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Sukur Cultural Landscape

Nigeria
Factors affecting the property in 2018*
  • Civil unrest
  • Illegal activities
Factors* affecting the property identified in previous reports

Damage to the Hidi’s Palace, the Palace Square, the Black Smith Homestead, paved walkways and ritual structures by insurgents

UNESCO Extra-Budgetary Funds until 2018

Total amount granted: USD 22,296 in 2016 through the Hungary Funds-in-Trust for rehabilitation and conservation activities

International Assistance: requests for the property until 2018
Requests approved: 3 (from 1997-2017)
Total amount approved : 47,017 USD
Missions to the property until 2018**

May 2018: Joint World Heritage Centre/ICOMOS Reactive Monitoring mission (in Abuja, Nigeria)

Conservation issues presented to the World Heritage Committee in 2018

On 29 November 2017, the State Party submitted a state of conservation report, which is available at http://whc.unesco.org/en/list/938/documents/, and reports the following:

  • Relative calm has returned to the Sukur World Heritage property and, at the time of submission of the report, it is not under any resurgent threat. As a result, the residents of the property have returned and reconstructed their homesteads;
  • In September 2016, a revised and updated Conservation Management Plan (CMP) 2017-2021 was finalized following a process that involved the active participation of all key stakeholders;
  • The property has also been entered onto the World Monuments Fund (WMF) Watch List, and there are plans to undertake the first part of an inventory and community mapping of cultural features at the property, as well as to further develop guided tours and other visitor information tools such as guidebooks. Additionally, site wardens will be selected and trained, and the manufacture of traditional crafts will be stimulated to bolster the local economy;
  • The area of the property has become a refuge for residents from the plains surrounding the high mountain land. This has led to the construction of inappropriate structures utilizing non-traditional materials and methods such as zinc roofs and cement instead of the traditional thatch roofs, negatively impacting the vernacular architecture of the property. This construction process has been employed, in part, due to the scarcity of grass as a result of climate change and the use of pesticides. Erosion has impacted negatively on the property in general, but specifically on the paved ways (civi mungan) – an essential attribute of the property. The State Party is planning to restore and in-part reconstruct the damage inflicted by Boko Haram, particularly the Hidi’s Palace. A request for international assistance was granted in March 2017, but at the time of reporting the funds that had been transferred to the State Party had not yet been received and no restoration had been undertaken;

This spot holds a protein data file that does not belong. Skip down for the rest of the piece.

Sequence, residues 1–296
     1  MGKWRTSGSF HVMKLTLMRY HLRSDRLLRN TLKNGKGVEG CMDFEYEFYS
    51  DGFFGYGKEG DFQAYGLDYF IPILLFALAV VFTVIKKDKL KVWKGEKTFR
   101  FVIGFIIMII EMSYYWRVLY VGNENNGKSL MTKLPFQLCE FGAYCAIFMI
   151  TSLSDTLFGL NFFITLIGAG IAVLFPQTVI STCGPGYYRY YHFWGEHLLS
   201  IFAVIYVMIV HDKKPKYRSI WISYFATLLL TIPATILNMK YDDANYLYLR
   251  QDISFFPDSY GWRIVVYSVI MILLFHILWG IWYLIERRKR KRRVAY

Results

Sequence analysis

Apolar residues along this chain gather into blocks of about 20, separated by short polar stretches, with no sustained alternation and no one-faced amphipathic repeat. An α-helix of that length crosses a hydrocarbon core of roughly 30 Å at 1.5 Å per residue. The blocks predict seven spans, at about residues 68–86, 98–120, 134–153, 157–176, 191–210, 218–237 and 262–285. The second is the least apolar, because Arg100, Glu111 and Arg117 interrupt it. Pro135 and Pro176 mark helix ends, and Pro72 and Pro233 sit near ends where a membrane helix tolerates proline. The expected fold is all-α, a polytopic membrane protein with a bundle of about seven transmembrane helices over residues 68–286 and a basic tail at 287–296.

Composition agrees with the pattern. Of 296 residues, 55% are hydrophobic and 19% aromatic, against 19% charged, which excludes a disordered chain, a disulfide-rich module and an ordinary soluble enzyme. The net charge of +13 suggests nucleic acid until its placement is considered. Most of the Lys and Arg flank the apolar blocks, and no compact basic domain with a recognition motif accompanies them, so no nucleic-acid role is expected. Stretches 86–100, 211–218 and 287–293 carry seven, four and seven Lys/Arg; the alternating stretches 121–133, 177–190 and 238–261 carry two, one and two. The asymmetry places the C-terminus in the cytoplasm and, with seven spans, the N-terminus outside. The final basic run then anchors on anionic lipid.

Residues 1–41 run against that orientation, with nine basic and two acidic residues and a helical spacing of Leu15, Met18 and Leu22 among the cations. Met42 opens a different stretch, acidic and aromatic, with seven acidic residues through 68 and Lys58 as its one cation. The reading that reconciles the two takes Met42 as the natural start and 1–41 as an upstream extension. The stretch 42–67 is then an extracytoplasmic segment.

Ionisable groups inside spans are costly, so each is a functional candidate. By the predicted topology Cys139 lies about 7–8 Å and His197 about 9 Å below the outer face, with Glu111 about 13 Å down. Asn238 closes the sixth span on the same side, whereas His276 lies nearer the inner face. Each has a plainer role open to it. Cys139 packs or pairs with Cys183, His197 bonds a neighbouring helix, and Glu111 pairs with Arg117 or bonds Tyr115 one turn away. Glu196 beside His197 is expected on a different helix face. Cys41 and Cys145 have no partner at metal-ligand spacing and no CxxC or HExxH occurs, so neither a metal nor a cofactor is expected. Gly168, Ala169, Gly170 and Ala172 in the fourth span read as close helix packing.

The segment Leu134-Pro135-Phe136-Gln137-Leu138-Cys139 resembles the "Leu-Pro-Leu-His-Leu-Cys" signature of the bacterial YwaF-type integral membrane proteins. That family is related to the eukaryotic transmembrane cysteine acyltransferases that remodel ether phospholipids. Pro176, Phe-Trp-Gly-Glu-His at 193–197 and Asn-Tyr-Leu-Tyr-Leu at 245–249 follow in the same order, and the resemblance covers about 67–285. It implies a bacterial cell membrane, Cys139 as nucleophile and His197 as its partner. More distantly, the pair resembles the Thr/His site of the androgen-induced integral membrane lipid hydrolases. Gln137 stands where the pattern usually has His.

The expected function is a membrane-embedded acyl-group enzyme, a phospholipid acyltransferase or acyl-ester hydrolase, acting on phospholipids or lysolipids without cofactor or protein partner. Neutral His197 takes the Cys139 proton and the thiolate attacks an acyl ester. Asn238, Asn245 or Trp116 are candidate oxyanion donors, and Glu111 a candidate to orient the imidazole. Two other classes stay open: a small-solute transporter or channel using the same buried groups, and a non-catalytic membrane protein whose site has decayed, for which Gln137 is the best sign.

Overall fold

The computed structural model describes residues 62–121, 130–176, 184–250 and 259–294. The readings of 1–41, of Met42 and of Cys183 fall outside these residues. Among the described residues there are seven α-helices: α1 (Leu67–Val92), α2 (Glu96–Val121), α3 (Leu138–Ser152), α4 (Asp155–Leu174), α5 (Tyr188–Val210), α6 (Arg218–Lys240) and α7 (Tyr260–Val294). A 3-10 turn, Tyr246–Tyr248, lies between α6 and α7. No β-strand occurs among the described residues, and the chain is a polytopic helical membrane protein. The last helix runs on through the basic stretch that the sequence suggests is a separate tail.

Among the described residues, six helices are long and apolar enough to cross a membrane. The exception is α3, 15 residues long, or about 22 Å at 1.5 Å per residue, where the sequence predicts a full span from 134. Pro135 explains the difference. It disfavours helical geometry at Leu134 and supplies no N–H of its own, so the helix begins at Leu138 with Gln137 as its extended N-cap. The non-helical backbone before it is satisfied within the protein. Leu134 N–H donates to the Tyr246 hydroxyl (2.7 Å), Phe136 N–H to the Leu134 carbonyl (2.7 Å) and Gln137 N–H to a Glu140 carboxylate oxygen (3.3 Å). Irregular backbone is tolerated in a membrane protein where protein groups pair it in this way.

• In May 2017, a locally based NGO constructed three chalets as eco-lodges at Sukur hilltop under the supervision of the site manager with a view to providing accommodation to visitors and researchers at the property. This project was carried out under the World Heritage Volunteers (WHV) 2017 programme.
Analysis and Conclusion by World Heritage Centre and the Advisory Bodies in 2018

Despite the State Party’s invitation for a mission to visit the property in January 2018, no mission could be undertaken due to the continuing levels of threat at the property and in the region in general. This analysis therefore relies on reporting only.  A joint World Heritage Centre/ICOMOS Reactive Monitoring mission however was carried out on 22-25 May 2018 to the Nigerian capital, Abuja, as secure access to the property is still not possible.

The updating of the CMP 2012-2016 for a new 5-year period 2017-2021 is noted with appreciation as it aims at ensuring a gapless transition into the application of the new Plan.

In the aftermath of the insurgent attacks of 2014 on the property, a temporary dislocation of parts of the local population was observed up until 2016. People have been returning in growing numbers and are settling in the area, in particular in and around the hilltop due to its relative and perceived safety. However, this growing population brings with it inappropriate construction through the use of zinc roofs and cement, as well as environmental degradation, such as erosion, leading to increased scarcity of local resources and materials. It is recommended that the Committee request the State Party to take appropriate measures to encourage the use of local materials for the development of the site and to ensure increased control of erosion on the site, as foreseen in the new CMP.

With regard to the Hidi’s Palace and the paved walkways, which were already in need of conservation before the attacks in 2014, they still need further conservation despite the restoration works undertaken and it is recommended that the Committee encourage the State Party to continue its efforts in that regard.

The State Party has reportedly engaged with the problems facing the property, but requires additional assistance to strengthen research and support conservation and management. There have been changes to the property since the 2014 attacks and these need to be clearly documented as do other changes since inscription and lack of conservation. In order to strengthen the resilience of the local communities and their traditional structures, it is recommended that the Committee request the State Party to undertake the proposed detailed mapping of cultural features as soon as funds are available, and that this include traditional structures and practices.

There also remains the need for additional assistance towards rebuilding some of the demolished community structures, such as a primary health care centre, school structure and interpretation centre and the replacement of stolen or vandalized equipment for conservation of the property.